Houston, May 11, 2011 --- ConocoPhillips’ [NYSE:COP] Chairman and CEO Jim Mulva will appear May 12 at a Senate Finance Committee hearing in Washington, D.C., where he will outline the negative effects of proposed tax policy targeting major energy companies.
Mulva expects to describe to committee members how misinformation about the industry’s tax liabilities is being used to justify proposed tax increases.
"Our industry already has the highest effective tax rate in the United States," said Mulva. "Increasing these taxes would cost jobs and raise gasoline and other consumer prices, while actually unintentionally reducing the government’s tax revenue by discouraging investment by the industry’s largest and most financially capable companies."
Mulva added that the proposal would impede the industry’s ability to reinvest not only in the oil and natural gas needed to power the economy today, but also in new energy technologies and resources that will be essential in the future.
"Our industry and company are already taxed heavily compared to other industries in the United States," Mulva said. "For example, ConocoPhillips’ effective global income tax rate from 2006 through 2010 was 46 percent. If you look at non-financial companies in the Fortune 500, the 20 largest by market value had an effective tax rate of 27 percent."
That tax rate already limits the company’s ability to invest in finding and recovering energy reserves. In 2010, the company’s payout was equal to its income: After paying $8.3 billion in income taxes – as well as $3.1 billion in other non-income taxes -- ConocoPhillips earned $11.4 billion in income.
Proposals to repeal the Section 199 domestic manufacturing deduction for the five largest oil companies would discriminatorily deny them a tax deduction available to every other manufacturing industry, as well as to large oil companies outside the top five. This tax deduction was enacted by Congress in 2004 to stimulate job growth in the production and manufacturing sector, which in turn, encouraged more domestic energy production.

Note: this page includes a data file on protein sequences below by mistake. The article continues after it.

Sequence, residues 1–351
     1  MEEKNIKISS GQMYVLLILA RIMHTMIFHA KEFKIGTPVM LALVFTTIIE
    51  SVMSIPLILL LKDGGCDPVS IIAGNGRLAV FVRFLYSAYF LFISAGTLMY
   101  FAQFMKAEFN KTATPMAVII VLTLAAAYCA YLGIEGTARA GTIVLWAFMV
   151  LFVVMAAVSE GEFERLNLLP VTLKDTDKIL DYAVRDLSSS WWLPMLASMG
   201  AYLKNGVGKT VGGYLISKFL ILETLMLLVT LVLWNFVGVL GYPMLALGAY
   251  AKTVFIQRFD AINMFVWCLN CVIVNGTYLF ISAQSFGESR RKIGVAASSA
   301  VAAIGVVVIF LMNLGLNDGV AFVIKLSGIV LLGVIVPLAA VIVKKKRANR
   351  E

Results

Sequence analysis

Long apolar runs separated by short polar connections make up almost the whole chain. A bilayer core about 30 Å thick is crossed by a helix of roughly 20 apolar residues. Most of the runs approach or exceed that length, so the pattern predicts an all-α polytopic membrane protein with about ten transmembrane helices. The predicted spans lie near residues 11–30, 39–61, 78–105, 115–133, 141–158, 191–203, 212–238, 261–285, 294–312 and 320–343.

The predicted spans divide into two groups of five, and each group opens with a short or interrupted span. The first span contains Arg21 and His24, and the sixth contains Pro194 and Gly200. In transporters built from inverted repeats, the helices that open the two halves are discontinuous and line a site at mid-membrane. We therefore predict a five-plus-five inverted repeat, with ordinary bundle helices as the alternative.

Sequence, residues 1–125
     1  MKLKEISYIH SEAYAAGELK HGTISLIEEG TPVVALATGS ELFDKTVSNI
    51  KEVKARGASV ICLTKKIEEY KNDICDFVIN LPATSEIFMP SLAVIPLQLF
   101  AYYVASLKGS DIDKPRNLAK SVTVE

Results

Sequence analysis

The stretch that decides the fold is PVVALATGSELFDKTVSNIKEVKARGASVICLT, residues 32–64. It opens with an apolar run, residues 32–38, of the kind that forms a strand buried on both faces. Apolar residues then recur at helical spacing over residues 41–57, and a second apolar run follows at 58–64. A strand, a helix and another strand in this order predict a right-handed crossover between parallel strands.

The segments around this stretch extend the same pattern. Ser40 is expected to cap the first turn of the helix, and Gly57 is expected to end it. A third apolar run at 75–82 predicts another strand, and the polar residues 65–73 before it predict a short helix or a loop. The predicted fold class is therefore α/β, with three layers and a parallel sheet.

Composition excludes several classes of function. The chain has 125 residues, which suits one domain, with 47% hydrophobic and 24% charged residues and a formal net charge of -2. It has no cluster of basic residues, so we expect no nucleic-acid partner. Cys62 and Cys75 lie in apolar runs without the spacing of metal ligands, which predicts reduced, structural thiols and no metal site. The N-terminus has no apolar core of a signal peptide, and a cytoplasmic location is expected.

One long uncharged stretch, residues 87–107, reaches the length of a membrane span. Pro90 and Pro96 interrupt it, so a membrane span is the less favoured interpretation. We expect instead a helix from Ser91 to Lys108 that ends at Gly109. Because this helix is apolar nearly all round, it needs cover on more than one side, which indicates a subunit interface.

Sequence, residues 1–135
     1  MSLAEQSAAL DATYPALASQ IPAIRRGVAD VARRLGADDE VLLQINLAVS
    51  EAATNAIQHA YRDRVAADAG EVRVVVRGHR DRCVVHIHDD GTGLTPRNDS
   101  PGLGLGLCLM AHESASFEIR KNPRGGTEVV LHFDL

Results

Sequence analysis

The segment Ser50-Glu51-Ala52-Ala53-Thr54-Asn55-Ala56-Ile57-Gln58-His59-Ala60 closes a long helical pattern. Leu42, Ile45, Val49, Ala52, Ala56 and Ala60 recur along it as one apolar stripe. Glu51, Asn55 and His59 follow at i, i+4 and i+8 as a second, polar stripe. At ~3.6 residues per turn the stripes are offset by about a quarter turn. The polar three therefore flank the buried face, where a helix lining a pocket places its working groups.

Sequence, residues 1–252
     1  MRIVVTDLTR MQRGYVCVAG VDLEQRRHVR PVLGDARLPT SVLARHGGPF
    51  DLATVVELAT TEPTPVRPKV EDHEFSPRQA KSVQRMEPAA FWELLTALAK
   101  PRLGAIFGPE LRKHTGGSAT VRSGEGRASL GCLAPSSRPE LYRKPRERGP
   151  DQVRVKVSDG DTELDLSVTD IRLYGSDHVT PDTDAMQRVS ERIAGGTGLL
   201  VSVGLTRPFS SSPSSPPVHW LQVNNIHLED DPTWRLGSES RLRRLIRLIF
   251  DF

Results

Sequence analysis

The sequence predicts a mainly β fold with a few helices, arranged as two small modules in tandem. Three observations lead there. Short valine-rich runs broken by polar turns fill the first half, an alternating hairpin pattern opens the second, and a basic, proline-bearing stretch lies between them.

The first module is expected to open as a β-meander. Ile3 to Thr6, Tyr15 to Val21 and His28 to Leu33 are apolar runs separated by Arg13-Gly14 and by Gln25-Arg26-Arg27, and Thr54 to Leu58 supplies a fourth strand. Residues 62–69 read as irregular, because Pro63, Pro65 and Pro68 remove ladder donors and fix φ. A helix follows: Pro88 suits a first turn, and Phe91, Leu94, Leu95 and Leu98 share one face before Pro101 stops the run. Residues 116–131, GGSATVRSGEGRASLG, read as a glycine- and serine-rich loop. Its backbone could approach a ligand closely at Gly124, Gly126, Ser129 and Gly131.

"The oil and natural gas industry supports 9.1 million jobs in the United States, a fact that is too often overlooked," said Mulva. "Also, taxes are included in gasoline prices. At a time when everyone is concerned over the cost of gasoline, Congress shouldn’t do anything that could actually worsen the situation."
ConocoPhillips is an integrated energy company with interests around the world. Headquartered in Houston, the company had approximately 29,600 employees, $160 billion of assets, and $226 billion of annualized revenues as of March 31, 2011. For more information, go to www.conocophillips.com.
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Nancy Turner (media)
Clayton Reasor (investors)
CAUTIONARY STATEMENT FOR THE PURPOSES OF THE "SAFE HARBOR" PROVISIONS OF THE PRIVATE SECURITIES LITIGATION REFORM ACT OF 1995